The story of Italy’s Decima MAS (Decima Mezzi d’Assalto, or 10th Assault Vehicle Flotilla), is a peculiar tale regarding Axis Special Forces in World War II. On one hand they were the best combat frogmen produced by any nation during the conflict. On the other, the courage and innovation they brought to the history of naval warfare became stained by an evil ideology that drove many of them to commit atrocities, not at sea, but on land, after Italy toppled Mussolini and the unit split apart upon deciding where their allegiances lay. This article will focus on how the unit originated, its most storied missions, and how ‘X MAS,’ as it was nicknamed, ultimately met a silent end.
Seeds of this unit began with Italian spearfishing in the Mediterranean in the 1920s and 30s. During this time, the sport evolved from free diving to snorkeling to using rebreathers, which introduced scuba diving to the area and garnered the interest of the Italian navy (Regina Marina). The Italians created their first Special Forces frogman unit, known as the 1st Assault Vehicle Flotilla, around the new equipment in 1939.
Utilizing the ideas of two naval combat engineers, Majors Elios Toschi and Teseo Tesei, the Flotilla, under Commander Paolo Aloisi, began creating tactics based around not only scuba gear, but motor boats and a vehicle unique to the Italian navy, one that was fated to be copied in one form or another all the way down to the present day Swimmer Delivery Vehicle (SDV): The manned torpedo. This versatile two-man craft, known affectionately as ‘Maiale’ (pig), was destined to play a key role in the majority of successes enjoyed by the frogmen.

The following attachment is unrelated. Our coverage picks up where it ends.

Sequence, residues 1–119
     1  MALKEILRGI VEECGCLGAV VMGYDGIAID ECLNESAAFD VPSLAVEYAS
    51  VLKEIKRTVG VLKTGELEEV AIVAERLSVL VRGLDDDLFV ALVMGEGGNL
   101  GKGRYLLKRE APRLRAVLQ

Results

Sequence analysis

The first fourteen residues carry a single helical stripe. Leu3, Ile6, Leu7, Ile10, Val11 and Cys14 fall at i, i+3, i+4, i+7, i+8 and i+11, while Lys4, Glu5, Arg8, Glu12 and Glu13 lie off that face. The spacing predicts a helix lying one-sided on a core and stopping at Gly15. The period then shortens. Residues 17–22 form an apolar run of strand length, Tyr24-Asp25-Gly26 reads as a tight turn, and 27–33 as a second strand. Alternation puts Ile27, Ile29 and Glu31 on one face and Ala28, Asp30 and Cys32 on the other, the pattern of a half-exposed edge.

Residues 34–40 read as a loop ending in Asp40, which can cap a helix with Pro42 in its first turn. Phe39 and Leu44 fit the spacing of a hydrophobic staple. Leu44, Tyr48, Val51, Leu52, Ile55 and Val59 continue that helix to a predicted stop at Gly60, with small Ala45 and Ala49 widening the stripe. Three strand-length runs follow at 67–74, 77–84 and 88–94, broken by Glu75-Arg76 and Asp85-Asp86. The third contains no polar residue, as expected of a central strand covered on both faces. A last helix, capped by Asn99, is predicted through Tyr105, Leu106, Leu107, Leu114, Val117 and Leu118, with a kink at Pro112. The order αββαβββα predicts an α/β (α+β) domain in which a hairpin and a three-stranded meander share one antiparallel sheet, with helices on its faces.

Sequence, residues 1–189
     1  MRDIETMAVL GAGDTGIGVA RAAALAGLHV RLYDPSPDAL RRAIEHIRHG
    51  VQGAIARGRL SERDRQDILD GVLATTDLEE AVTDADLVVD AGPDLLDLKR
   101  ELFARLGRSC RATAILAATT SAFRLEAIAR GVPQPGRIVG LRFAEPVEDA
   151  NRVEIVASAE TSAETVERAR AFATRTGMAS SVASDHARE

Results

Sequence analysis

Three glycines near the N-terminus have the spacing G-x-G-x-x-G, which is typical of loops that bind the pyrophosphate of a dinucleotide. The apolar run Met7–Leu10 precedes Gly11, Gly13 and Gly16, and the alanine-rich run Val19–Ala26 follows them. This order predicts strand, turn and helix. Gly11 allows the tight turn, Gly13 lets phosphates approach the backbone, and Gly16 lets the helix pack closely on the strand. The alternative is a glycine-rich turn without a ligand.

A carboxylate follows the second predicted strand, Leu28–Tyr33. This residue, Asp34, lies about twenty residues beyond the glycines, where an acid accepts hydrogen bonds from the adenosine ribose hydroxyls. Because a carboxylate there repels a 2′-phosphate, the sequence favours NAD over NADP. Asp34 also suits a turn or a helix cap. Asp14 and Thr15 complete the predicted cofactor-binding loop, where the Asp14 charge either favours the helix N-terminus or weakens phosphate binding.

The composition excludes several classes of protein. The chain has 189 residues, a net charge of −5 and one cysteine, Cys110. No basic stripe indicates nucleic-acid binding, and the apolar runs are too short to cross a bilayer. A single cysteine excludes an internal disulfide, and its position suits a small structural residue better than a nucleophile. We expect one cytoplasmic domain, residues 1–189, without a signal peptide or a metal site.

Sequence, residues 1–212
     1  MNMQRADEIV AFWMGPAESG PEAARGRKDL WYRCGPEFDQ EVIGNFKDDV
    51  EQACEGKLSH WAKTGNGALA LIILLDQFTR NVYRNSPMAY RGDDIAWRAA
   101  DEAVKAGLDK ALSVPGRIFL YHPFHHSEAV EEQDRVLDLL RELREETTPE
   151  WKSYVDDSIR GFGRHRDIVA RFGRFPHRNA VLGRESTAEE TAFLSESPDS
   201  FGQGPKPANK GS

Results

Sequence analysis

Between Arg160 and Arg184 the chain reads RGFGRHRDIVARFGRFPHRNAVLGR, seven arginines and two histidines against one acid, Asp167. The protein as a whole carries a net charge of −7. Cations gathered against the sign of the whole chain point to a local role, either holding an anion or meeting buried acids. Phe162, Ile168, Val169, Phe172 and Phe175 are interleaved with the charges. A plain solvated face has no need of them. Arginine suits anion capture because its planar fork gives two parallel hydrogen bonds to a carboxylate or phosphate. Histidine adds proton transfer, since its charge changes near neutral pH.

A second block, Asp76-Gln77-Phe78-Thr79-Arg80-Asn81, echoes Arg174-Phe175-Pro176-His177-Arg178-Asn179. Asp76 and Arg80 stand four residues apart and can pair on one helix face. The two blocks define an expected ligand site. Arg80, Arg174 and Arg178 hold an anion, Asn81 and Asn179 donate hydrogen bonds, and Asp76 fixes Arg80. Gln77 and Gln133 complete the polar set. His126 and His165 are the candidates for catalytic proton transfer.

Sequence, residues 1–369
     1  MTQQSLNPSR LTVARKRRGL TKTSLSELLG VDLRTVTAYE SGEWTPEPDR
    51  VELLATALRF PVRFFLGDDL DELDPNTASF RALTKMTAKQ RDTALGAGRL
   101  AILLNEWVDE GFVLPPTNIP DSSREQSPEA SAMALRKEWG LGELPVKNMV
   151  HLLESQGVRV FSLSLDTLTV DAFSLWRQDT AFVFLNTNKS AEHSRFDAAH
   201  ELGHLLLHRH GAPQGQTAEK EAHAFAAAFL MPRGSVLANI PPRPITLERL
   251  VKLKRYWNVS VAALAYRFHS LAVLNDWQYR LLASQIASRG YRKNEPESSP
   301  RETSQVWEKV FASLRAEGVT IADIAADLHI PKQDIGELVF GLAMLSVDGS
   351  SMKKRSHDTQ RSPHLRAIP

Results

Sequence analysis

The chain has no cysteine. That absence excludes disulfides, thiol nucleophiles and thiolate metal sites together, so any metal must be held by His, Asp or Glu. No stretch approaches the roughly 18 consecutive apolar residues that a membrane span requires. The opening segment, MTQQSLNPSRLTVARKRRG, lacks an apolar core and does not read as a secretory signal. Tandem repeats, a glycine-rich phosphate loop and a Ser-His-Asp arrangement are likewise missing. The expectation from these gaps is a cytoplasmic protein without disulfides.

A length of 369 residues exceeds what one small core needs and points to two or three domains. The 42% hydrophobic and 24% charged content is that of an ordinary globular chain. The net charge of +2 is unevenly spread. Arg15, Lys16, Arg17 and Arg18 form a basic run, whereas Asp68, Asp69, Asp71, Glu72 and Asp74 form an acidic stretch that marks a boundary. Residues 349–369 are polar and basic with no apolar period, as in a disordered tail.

After Mussolini declared war against Great Britain, Italy joined Germany’s side on June 10, 1940. The next few months saw Italian forces trying to match, without much success, the prowess of their ally, and this included X MAS, which found all of its missions starting from an August 22 attempt against the harbor in Alexandria, Egypt to an October 21st attempt at Gibraltar, ending in failure or cancellation. The closest they got to sinking a ship was when a single Maiali brought its crew under the battleship HMS Barham. Charges were placed but caused little damage. Despite this, lessons were learned from every failure and, when 1941 arrived, X MAS was ready to shine among the rest of Italy’s bumbling military.